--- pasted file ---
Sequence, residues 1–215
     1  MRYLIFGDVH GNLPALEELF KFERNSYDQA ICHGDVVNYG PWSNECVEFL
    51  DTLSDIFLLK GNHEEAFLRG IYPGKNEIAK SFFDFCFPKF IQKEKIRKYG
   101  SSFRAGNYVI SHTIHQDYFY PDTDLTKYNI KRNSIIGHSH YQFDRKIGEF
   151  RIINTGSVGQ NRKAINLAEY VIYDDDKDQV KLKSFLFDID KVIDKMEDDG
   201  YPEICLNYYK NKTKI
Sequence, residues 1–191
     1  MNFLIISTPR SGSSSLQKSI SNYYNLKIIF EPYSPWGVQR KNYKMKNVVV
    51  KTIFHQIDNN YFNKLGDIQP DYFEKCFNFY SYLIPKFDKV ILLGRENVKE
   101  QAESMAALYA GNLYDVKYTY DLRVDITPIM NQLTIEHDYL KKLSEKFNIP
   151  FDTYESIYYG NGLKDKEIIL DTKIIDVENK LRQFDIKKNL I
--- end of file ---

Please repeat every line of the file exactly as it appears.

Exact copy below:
Sequence, residues 1–215
     1  MRYLIFGDVH GNLPALEELF KFERNSYDQA ICHGDVVNYG PWSNECVEFL
    51  DTLSDIFLLK GNHEEAFLRG IYPGKNEIAK SFFDFCFPKF IQKEKIRKYG
   101  SSFRAGNYVI SHTIHQDYFY PDTDLTKYNI KRNSIIGHSH YQFDRKIGEF
   151  RIINTGSVGQ NRKAINLAEY VIYDDDKDQV KLKSFLFDID KVIDKMEDDG
   201  YPEICLNYYK NKTKI
Sequence, residues 1–191
     1  MNFLIISTPR SGSSSLQKSI SNYYNLKIIF EPYSPWGVQR KNYKMKNVVV
    51  KTIFHQIDNN YFNKLGDIQP DYFEKCFNFY SYLIPKFDKV ILLGRENVKE
   101  QAESMAALYA GNLYDVKYTY DLRVDITPIM NQLTIEHDYL KKLSEKFNIP
   151  FDTYESIYYG NGLKDKEIIL DTKIIDVENK LRQFDIKKNL I